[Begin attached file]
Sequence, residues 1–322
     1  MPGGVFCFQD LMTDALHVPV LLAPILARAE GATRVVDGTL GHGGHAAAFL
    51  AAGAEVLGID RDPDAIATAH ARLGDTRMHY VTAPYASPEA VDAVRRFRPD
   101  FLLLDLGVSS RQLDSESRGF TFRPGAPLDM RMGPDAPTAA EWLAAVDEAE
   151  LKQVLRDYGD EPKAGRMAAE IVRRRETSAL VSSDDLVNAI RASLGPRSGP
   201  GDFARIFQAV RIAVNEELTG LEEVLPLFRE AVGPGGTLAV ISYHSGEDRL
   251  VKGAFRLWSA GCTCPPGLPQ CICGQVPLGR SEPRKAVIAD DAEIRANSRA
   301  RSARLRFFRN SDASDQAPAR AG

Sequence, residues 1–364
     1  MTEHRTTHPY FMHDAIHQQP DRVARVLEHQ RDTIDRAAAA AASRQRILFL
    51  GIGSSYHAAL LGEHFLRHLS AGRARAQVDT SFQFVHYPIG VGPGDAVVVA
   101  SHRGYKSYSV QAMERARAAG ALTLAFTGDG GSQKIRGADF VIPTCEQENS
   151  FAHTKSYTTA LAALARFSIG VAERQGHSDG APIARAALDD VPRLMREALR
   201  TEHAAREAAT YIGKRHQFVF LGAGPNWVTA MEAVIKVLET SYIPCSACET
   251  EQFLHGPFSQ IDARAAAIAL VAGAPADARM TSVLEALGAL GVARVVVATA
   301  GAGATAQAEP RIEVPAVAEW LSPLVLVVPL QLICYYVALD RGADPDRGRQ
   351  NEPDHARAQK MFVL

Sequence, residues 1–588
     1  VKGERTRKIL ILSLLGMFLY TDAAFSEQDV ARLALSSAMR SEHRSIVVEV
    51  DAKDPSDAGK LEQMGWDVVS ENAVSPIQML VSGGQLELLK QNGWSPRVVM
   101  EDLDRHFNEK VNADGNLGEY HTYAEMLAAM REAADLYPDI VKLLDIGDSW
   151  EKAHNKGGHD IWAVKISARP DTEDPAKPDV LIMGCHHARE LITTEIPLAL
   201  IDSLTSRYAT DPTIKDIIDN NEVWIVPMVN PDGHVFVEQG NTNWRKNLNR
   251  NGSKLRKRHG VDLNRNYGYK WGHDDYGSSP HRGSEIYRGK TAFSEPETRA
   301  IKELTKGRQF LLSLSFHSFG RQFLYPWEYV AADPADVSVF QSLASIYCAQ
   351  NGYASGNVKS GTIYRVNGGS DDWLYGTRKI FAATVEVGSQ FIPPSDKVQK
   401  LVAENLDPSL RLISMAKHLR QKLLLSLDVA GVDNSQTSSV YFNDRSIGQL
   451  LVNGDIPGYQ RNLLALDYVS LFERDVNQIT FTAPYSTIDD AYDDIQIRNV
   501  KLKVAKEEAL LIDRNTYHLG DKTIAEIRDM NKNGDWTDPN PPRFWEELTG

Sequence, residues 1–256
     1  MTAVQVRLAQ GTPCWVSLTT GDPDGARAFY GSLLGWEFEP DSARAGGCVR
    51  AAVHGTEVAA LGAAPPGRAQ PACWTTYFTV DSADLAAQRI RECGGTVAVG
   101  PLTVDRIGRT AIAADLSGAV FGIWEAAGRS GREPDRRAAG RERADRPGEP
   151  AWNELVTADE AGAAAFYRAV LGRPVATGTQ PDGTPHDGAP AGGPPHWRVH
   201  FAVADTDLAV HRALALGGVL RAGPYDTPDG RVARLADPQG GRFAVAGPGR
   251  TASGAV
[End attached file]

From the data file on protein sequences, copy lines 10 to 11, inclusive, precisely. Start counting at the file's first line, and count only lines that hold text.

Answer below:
     1  MTEHRTTHPY FMHDAIHQQP DRVARVLEHQ RDTIDRAAAA AASRQRILFL
    51  GIGSSYHAAL LGEHFLRHLS AGRARAQVDT SFQFVHYPIG VGPGDAVVVA